Keywords:Stability of hybrid systems, Switched systems, Linear systems Abstract: This paper proposes a new methodology for stability analysis of singularly perturbed linear systems whose dynamics is affected by switches and state jumps. The overall problem is formulated in the framework of hybrid singularly perturbed systems and we use Lyapunov-based techniques to investigate its stability. We emphasize that, beside the stability of slow and fast dynamics, we need a dwell-time condition to guarantee the overall singularly perturbed system is globally asymptotically stable. Furthermore, we characterize this dwell-time as the sum of one term related to the stabilization of systems evolving on one time-scale (slow dynamics) and one term of the order of the parameter defining the ratio between the time-scales. As highlighted in the paper the second term is required to compensate the effect of the jumps introduced in the state of the boundary layer system by the switches and impulses affecting the overall dynamics. Some numerical examples illustrates our results.

Keywords:Stability of hybrid systems, Time-varying systems, Markov processes Abstract: In this work we present necessary and sufficient conditions for mean square stability (MSS) of discrete-time time-inhomogeneous Markov jump linear systems (MJLS) affected by polytopic uncertainties on transition probabilities. We also prove that deciding MSS on such systems is NP-hard and that MSS is equivalent to exponential mean square stability (EMSS) and to stochastic stability (SS).

Keywords:Switched systems, Lyapunov methods, Optimization Abstract: We study the L_p induced gain of discrete-time linear switching systems with graph-constrained switching sequences. We first prove that, for stable systems in a minimal realization, for every p geq 1, the L_p-gain is exactly characterized through switching storage functions. These functions are shown to be the pth power of a norm. In order to consider general systems, we provide an algorithm for computing minimal realizations. These realizations are rectangular systems, with a state dimension that varies according to the mode of the system. We apply our tools to the study on the of L_2-gain. We provide algorithms for its approximation, and provide a converse result for the existence of quadratic switching storage functions. We finally illustrate the results with a physically motivated example.

Keywords:Switched systems, Stability of hybrid systems Abstract: This paper addresses the issue of stabilizability of an autonomous discrete-time switched system via a switching law that is constrained to belong to a language generated by an nondeterministic finite state automaton. Firstly the automaton is decomposed into strongly connected components to reduce the problem to the stabilizability of each non trivial strongly connected component. Secondly the approach considering Lyapunov-Metzler inequalities taking into account the language constraint for a strongly connected component is proposed. Links with the current literature are discussed and a detailed example is given to illustrate our contributions.

Keywords:Stability of nonlinear systems, Stability of linear systems, Discrete event systems Abstract: Sufficient conditions for the existence and convergence to zero of numeric approximations to solutions of asymptotically stable homogeneous systems are obtained for the explicit and implicit Euler integration schemes. It is shown that the explicit Euler method has certain drawbacks for the global approximation of homogeneous systems with non-zero degrees, whereas the implicit Euler scheme ensures convergence of the approximating solutions to zero.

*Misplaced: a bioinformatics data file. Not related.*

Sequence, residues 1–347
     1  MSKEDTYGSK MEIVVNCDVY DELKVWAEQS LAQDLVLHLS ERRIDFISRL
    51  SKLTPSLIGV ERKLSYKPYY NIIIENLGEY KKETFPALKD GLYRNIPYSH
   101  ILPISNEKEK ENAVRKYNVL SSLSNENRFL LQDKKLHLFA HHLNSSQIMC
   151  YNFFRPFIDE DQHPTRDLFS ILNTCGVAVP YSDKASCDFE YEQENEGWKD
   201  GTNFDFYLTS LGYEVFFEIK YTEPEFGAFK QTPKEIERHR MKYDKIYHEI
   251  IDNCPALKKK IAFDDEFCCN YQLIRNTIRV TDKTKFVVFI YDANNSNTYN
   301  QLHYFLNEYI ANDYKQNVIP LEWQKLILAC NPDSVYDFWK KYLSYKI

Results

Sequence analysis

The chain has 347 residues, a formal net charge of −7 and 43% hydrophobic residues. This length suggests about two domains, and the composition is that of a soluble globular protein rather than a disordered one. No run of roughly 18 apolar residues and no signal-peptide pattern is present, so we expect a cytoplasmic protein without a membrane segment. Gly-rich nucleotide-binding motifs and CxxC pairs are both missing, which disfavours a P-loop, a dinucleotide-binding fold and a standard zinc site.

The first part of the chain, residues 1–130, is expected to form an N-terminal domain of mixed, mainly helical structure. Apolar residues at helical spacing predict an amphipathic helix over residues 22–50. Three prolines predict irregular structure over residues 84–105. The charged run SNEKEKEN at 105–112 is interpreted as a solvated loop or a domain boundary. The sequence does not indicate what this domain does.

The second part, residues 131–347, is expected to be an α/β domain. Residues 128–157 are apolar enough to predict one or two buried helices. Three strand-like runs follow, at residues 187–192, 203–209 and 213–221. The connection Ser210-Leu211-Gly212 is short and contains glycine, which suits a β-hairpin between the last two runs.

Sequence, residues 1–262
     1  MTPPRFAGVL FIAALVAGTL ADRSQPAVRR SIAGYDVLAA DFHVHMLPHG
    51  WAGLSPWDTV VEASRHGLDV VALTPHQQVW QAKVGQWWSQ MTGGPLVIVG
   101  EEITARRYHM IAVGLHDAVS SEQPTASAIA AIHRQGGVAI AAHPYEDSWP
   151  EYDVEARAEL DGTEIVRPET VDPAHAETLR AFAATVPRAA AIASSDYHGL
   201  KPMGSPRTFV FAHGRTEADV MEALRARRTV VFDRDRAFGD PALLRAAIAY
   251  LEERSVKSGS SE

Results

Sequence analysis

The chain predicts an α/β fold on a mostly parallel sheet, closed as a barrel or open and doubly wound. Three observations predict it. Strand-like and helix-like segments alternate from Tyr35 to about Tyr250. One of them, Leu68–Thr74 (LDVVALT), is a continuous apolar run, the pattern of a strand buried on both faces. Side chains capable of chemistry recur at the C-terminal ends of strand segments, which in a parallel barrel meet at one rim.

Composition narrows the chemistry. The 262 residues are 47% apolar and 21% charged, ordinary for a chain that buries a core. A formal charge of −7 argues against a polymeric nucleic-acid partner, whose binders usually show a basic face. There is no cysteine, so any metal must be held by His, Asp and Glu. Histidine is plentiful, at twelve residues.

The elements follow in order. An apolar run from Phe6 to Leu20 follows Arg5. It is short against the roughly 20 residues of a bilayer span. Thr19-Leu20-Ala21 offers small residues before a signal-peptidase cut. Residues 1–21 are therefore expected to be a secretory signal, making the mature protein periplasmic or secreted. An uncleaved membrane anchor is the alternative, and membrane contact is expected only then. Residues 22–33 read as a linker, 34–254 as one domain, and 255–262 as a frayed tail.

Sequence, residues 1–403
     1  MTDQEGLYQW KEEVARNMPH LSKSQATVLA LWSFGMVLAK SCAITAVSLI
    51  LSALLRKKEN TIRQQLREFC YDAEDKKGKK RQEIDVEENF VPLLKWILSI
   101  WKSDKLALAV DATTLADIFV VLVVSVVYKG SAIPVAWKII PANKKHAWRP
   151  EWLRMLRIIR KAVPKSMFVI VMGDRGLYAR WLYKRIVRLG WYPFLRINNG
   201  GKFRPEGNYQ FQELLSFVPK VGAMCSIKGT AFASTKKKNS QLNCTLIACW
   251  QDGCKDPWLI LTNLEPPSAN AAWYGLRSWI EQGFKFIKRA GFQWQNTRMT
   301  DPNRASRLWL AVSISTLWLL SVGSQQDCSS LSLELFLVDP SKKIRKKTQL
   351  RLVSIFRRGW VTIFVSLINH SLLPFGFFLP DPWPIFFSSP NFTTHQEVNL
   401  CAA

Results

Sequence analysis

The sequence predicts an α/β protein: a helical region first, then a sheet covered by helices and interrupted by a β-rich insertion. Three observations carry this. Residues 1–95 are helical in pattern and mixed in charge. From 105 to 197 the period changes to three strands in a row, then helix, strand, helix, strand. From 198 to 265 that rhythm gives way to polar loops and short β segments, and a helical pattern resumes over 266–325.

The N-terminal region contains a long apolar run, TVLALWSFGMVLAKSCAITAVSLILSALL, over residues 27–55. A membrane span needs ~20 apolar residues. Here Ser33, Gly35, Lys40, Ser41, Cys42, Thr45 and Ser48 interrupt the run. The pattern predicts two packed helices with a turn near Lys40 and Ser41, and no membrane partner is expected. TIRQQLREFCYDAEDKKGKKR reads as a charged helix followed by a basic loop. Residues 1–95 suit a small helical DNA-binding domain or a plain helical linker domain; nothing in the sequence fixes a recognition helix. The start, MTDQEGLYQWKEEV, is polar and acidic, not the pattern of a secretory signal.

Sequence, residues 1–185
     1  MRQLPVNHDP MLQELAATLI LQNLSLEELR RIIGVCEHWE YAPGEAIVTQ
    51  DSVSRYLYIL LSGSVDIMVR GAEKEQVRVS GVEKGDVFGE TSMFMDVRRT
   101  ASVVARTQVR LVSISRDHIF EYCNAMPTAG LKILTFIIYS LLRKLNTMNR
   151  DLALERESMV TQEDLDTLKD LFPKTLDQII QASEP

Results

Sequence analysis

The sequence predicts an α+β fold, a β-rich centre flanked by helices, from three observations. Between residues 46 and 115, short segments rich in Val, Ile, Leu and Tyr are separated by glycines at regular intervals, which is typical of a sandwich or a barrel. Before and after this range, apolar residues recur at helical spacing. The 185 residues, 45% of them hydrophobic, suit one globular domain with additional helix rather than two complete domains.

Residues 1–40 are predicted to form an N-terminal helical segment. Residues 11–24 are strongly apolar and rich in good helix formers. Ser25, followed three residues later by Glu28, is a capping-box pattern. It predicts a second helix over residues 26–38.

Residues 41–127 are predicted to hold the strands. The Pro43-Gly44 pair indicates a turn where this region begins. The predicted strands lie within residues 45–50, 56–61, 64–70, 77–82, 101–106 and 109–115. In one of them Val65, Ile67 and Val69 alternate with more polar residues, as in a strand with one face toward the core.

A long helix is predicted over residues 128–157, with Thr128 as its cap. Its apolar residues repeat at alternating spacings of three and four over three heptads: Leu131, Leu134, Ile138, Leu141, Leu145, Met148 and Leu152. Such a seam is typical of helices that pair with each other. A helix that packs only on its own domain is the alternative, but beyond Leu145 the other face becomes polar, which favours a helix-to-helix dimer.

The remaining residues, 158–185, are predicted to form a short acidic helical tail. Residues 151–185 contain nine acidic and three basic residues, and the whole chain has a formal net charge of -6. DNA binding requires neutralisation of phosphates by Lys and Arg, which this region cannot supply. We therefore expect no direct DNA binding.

Keywords:Stability of nonlinear systems, Distributed control, Large-scale systems Abstract: The problem under consideration is the synthesis of a distributed controller for a nonlinear network composed of input affine systems. The objective is to achieve exponential convergence of the solutions. To design such a feedback law, methods based on contraction theory are employed to render the controller-synthesis problem scalable and suitable to use distributed optimization. The nature of the proposed approach is constructive, because the computation of the desired feedback law is obtained by solving a convex optimization problem. An example illustrates the proposed methodology.

Keywords:Stability of nonlinear systems, Lyapunov methods, Algebraic/geometric methods Abstract: We study convergence properties of nonlinear systems in the presence of ``almost Lyapunov'' functions which decrease along solutions in a given region not everywhere but rather on the complement of a set of small volume. The structure is quite general except that the system dynamics never vanishes in a region that is away from the equilibrium. It is shown that solutions starting inside the region will approach a small set around the origin as long as the volume where the Lyapunov function does not decrease fast enough is sufficiently small. The main theorem of this paper is established by tracking the change of Lyapunov function value when the solution passes through the above mentioned volume and finding an upper bound of the volume swept out by a neighborhood along the solution before it can achieve an overall gain in its Lyapunov function value. The result shows that the convergence rate is traded off against the size of such small volume that the system can have. In the end a non-trivial example where our theorem is applicable is demonstrated.